The union representing about 7,400 port workers in British Columbia has announced its members have ratified a new agreement with employers to end their long-running labour dispute.
Here is a timeline of events leading up to the new deal.
Nov. 30: The British Columbia Maritime Employers Association provides notice to commence collective bargaining to the International Longshore and Warehouse Union Canada.
Feb. 16: Negotiations begin.
March 20: The ILWU serves a notice of dispute to the federal government, signalling an impasse, and requests the appointment of a conciliation officer.
March 29: Talks enter a 60-day conciliation period.
March 31: The existing collective agreement between the BCMEA and the ILWU expires.
May 30: Conciliation ends. Talks enter a cooling-off period of 21 days.
June 5: The ILWU's negotiating committee authorizes a strike vote to be conducted on June 9 and 10.
June 12: The ILWU says members voted 99.24 per cent in favour of supporting strike action if necessary.
June 28: The ILWU serves 72-hour strike notice.
June 30: Both sides say cruise ships will continue to be serviced.
July 1: Strike commences at B.C. ports, shutting down operations at most of the province's marine terminals.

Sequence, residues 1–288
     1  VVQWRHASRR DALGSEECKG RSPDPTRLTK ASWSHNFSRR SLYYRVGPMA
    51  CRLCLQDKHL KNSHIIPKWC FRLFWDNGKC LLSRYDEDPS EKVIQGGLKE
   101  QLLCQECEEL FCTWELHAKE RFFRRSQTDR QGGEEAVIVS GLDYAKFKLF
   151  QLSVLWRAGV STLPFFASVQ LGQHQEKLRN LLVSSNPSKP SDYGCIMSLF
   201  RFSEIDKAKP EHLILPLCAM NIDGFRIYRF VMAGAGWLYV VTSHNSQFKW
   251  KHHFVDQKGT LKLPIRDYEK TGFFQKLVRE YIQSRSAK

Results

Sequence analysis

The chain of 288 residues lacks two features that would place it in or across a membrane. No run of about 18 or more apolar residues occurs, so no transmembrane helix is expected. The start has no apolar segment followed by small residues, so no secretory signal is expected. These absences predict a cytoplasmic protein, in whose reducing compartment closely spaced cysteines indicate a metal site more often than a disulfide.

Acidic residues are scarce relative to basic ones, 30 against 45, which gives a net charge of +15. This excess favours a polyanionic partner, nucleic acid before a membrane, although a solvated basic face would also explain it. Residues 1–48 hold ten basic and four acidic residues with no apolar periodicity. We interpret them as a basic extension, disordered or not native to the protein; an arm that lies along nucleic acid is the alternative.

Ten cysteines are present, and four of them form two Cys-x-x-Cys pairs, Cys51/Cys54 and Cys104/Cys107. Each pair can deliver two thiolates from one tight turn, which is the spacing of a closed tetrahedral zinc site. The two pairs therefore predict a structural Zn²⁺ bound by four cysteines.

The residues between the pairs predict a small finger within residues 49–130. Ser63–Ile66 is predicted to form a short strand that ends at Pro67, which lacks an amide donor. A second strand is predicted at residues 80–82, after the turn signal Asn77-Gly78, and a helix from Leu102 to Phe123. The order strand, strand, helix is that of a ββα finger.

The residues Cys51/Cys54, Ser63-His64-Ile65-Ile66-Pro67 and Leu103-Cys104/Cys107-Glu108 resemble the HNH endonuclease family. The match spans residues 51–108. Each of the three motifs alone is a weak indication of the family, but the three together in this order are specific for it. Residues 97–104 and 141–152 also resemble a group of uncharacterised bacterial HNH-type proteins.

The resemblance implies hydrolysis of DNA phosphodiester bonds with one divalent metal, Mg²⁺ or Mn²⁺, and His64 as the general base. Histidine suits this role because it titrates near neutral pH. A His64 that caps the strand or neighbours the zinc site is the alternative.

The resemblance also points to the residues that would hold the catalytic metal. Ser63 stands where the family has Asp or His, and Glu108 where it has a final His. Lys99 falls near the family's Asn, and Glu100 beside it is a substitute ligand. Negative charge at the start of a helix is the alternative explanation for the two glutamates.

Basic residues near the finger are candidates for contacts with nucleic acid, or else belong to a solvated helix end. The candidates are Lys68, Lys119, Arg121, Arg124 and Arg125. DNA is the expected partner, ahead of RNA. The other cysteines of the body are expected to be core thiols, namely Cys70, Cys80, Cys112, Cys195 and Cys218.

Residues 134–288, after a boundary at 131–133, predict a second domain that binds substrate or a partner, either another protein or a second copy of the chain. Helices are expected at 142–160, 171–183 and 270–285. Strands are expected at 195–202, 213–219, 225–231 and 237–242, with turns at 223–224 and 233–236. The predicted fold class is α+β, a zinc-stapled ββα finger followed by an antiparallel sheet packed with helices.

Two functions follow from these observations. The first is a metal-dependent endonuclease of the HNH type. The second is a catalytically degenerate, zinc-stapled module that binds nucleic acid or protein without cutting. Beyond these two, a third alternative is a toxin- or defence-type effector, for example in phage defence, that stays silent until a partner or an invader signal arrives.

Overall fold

July 3: The ILWU says the BCMEA has walked away from the negotiating table. The BCMEA says it is a pause to reset talks.
July 8: The two sides meet again with mediators about a deadlock on maintenance work. The BCMEA says the ILWU rejected a proposal.
July 11: Federal Labour Minister Seamus O'Regan asks a mediator to draft terms for a potential settlement agreement.
July 13: The BCMEA says a tentative, four-year agreement has been reached with the ILWU. Port operations resume. In a tweet, O'Regan declares "the strike is over."
July 18: The ILWU says its leadership caucus voted down the mediator's terms, and workers are back on strike. Picket lines resume. O'Regan and federal Transport Minister Omar Alghabra say in a statement that the disruptions at B.C. ports "cannot go on" and officials are now looking at "all options."
July 19: The Canada Industrial Relations Board rules the ILWU's move to strike on July 18 was unlawful because no 72-hour notice was provided. The ILWU issues a new 72-hour notice to strike, but rescinds the notice hours later. Prime Minister Justin Trudeau convenes the incident response group.
July 20: The ILWU's leadership announces it is recommending the agreement and it will be put to a membership vote.
July 27-28: ILWU members vote on the agreement.
July 28: ILWU announces that its members have voted to reject the agreement.
July 29: O'Regan says he has directed the Canada Industrial Relations Board to determine if a negotiated resolution is still possible. If not, O'Regan directs the board to impose a new deal or final binding arbitration.
July 30: The ILWU and the BCMEA release a joint statement announcing they have reached a new tentative agreement, with leaders of both sides recommending ratification to their members. The industrial relations board orders that the union vote no later than Aug. 4.
July 31: The BCMEA ratifies the agreement.
Aug. 2: The ILWU holds meetings with members to recommend the deal.
Aug. 3: ILWU full-membership voting begins.
Aug. 4: ILWU concludes full-membership vote, with the union members voting 74.66 per cent in favour of accepting the deal.
This report by The Canadian Press was first published Aug. 4, 2023.
The Canadian Press